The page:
City Leadership Plans for Growth, While Retaining ‘Small-Town Charm’Nov 03, 2022 03:26PM ● By John C. Stevenson
Today’s Fountain Inn calls itself a city – the name’s right there on City Hall. Everyone agrees Fountain Inn is on its way to becoming a full-fledged city. But even as Fountain Inn grows into its city moniker, its leadership stresses that the city will never lose its small-town charm.
“I think Fountain Inn has always been rooted in small-town charm, and I think that will never leave Fountain Inn – if we work hard on all the things that make small-town charm possible,” said Mayor G.P. McLeer Jr., who was elected in 2019. “So I think how Fountain Inn feels in terms of folks when they are visiting, living here, working here, playing here – that small-town charm will continue to live on for as long as possible.”
The spot that is now Fountain Inn was well known to Native Americans as a crossroads; the town itself was established in 1886, according to the Advisory Council on Historic Preservation, and first served as a stagecoach stop between Columbia, in the Midlands, and Asheville, in the mountains of Western North Carolina.
In the mid-20th century, Fountain Inn thrived as it rode the textiles-manufacturing wave that swept through the Upstate. Despite the textiles wave’s crashing in the 1970s, which saw most mills throughout the region shuttered, future development pays homage to that mill-town manufacturing history, including Woodside Village, an expansive multiuse development that takes its name from the former Woodside Mill; and the Mill at Fountain Inn, which will be a unique dining and entertainment destination housed in a former flour mill.
Blending past and future
Now the city is once again experiencing boom times: population has grown by almost 6 percent between the 2000 census and the 2020 census, from 6,017 residents to 10,416; the first new high school to open in Greenville County in 50 years is Fountain Inn High, which opened in 2021; and the Fountain Inn Chamber of Commerce reports that 57 businesses have joined just this year.
Marnie Schwartz-Hanley, president and CEO of the Fountain Inn Chamber of Commerce, noted that growth is a reality outside of the Upstate, also.
“It’s not just us; it’s the entire state,” Schwartz-Handley said. “We’re seeing enormous growth in this area; some of it was anticipated as we saw demographics changing – people getting squeezed out of big cities, wanting a slower pace of life – and I think the pandemic really amplified that. People in other places said, ‘I can’t even run my business right now,’ and South Carolina, we never really shut down. We were not shut down for business like a lot of states were.”
She praised City Council for taking a pragmatic approach to growth.
“Fountain Inn (leadership) – they see what’s coming, they do not approve every project that comes before council,” she said. “They really put some thought into it. It’s amazing to see the growth and to watch the city be mindful of that.”
At the intersection of the two trends – growth and property divestment -- is the city, and the mayor said it’s the city’s responsibility to encourage responsible growth.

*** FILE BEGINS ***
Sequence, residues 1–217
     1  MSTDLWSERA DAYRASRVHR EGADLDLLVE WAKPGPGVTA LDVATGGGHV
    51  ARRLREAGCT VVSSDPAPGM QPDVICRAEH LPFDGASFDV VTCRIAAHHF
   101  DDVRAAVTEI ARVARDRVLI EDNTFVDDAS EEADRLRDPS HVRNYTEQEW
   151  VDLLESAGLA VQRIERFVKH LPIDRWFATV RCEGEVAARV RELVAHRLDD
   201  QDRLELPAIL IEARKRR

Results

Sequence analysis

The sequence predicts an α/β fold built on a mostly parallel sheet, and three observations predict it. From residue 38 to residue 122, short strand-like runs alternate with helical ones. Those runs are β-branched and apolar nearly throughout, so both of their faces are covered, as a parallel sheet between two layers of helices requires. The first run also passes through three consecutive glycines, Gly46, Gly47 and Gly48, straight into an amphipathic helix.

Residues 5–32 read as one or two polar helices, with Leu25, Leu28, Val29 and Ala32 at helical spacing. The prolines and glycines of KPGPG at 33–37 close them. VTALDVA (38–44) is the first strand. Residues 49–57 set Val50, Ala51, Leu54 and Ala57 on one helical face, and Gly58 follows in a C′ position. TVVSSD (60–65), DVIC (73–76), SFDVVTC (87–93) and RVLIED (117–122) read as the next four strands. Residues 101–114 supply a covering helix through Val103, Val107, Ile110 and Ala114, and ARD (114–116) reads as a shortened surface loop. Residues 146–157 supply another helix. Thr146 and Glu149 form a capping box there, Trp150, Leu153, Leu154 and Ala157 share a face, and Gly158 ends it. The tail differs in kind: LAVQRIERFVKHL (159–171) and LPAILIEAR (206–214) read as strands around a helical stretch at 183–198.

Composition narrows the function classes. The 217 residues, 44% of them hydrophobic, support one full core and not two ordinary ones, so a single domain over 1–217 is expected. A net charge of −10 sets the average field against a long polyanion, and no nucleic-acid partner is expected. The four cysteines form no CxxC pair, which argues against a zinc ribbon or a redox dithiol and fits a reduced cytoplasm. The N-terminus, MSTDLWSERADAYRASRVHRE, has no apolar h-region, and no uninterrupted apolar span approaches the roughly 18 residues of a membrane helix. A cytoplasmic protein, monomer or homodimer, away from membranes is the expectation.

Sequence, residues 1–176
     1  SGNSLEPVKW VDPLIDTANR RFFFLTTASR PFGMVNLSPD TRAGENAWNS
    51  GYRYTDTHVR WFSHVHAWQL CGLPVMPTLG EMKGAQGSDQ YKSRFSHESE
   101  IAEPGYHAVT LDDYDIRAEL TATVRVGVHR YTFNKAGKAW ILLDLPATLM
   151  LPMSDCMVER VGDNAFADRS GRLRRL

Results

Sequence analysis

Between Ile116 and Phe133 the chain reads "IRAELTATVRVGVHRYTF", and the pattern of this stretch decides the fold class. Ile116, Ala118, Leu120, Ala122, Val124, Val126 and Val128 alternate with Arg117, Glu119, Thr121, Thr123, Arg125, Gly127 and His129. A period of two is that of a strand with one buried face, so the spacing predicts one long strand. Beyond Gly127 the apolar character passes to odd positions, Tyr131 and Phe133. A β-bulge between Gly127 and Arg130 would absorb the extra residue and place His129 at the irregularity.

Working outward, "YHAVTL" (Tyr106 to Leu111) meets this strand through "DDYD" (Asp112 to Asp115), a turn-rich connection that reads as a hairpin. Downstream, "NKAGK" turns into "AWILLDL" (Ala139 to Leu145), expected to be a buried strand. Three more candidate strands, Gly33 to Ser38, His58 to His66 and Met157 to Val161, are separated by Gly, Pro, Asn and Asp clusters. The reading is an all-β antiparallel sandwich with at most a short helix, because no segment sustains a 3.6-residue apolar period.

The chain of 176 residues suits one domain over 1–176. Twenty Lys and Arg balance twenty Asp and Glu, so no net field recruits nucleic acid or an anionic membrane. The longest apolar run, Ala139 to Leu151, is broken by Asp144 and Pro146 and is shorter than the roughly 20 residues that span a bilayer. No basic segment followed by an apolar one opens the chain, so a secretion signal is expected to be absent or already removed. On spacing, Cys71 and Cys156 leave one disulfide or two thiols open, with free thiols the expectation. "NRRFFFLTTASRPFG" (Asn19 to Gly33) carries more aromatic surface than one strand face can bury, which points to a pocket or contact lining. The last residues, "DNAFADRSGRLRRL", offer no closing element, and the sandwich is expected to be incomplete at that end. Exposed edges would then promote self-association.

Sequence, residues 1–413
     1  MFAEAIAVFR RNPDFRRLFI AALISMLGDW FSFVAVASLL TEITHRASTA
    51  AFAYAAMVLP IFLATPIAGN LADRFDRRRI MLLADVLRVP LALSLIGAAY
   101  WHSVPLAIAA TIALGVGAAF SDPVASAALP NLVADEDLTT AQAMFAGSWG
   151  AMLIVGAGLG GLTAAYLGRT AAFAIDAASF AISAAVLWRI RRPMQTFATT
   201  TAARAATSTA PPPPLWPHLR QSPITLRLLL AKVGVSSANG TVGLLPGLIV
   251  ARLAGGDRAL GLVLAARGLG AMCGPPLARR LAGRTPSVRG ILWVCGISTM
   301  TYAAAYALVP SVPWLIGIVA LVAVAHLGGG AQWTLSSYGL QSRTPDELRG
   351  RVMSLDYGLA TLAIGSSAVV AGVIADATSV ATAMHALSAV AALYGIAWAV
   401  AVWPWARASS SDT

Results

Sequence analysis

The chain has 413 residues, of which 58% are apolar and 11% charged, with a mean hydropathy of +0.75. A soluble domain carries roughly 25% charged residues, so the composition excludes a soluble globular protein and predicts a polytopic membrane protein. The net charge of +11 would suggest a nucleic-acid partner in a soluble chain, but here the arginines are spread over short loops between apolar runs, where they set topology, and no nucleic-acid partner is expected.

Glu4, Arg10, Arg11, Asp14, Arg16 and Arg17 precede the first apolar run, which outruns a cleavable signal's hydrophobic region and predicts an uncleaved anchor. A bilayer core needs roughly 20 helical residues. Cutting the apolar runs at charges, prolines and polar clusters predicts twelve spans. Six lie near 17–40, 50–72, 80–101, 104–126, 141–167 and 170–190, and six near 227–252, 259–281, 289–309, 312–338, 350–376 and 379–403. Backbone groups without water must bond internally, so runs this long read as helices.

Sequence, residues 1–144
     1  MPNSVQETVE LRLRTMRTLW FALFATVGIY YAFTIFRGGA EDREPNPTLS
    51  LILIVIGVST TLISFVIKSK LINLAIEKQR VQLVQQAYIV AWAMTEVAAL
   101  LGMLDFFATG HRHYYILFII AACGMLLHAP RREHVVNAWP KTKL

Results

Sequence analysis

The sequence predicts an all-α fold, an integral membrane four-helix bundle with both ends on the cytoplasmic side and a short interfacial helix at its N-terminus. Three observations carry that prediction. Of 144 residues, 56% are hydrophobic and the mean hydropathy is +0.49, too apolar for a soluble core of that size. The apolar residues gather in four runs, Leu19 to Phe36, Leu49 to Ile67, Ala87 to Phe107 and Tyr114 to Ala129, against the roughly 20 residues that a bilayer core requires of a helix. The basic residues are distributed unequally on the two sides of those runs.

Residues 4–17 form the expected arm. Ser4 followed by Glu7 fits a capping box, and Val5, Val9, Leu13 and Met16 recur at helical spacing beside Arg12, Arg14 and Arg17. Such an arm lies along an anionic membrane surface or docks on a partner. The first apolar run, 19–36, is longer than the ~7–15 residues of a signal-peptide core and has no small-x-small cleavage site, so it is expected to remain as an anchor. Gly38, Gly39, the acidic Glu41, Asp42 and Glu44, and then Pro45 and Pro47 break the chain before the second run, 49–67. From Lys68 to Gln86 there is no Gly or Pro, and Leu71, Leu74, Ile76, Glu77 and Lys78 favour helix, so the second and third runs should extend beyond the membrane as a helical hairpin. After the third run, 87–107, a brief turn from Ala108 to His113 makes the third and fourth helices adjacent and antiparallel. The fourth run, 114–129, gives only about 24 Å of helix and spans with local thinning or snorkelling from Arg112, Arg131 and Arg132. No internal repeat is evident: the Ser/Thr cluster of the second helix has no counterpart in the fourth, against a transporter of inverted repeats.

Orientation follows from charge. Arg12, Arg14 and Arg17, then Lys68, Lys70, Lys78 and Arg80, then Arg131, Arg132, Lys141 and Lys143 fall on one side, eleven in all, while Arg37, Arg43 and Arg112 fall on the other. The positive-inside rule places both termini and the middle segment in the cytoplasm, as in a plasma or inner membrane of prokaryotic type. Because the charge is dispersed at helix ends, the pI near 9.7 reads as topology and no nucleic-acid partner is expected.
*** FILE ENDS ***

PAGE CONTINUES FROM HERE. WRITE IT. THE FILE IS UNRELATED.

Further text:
“I’ve always wanted to do it in a way that is objective as possible, is as clear and transparent as possible, and respects the rights of the property owner, whether that be a person or a company or a business, that doesn’t try to impede the free market but also that takes into account the responsible role of government,” McLeer said.
“Where all of those intersect with government is zoning,” he continued. “That’s the best tool we have at our disposal to make it clear to those who wish to do something with the property that is allowed, that makes it clear to the community about the restrictions that are put in place. It goes to, I think, the appropriate role of government.”
A downtown renaissance
Things that won’t change, McLeer said, include a wide range of annual events and festivals the city has become known for, such as the Christmas “Inn” Our Town festival, including the Christmas Tree lighting and Christmas parade; the Mac Arnold Cornbread and Collard Greens Blues Festival; the Sounds of Summer concert series; the Aunt Het Festival, which celebrates a fictional character created by Robert Quillen, a humorist and journalist who founded the Fountain Inn Tribune newspaper; and many others.
“You’ll still see some of the markers of what our community has created as anchors,” McLeer said. “you’ll still see those anchors in the community. I think you’ll see our downtown area continue its second renaissance – which is starting right now – and you’ll also see an expansion of parks in the area, not just close to downtown but on the Laurens County side of town, across I-385. I think you’re going to see more of what makes Fountain Inn great.”
Many of those anchors are part of Fountain Inn’s core – its downtown business district which runs along Main Street.
The mayor quickly ticked off a list of projects that are either underway in Fountain Inn or are at some stage of consideration, including:
More commercial offerings downtown
Completion of the Main Street Streetscape
Connect existing Swamp Rabbit Trail segments to downtown Fountain Inn, Simpsonville, and Laurens County.
Renovation of the Sanctified Hill Park in Laurens County
Schwartz-Hanley said she appreciates the city’s efforts to preserve the city’s small-town charm, and she believes it will be successful.
“I think what Fountain Inn is doing well is they are focusing on keeping Fountain Inn cozy,” she said. “When you come to downtown Fountain Inn, you have that historic, downtown feel, right here on Main Street. You may not have that everywhere in Fountain Inn, but you’ll be able to go to the center of town and always feel like you’re in a small town.”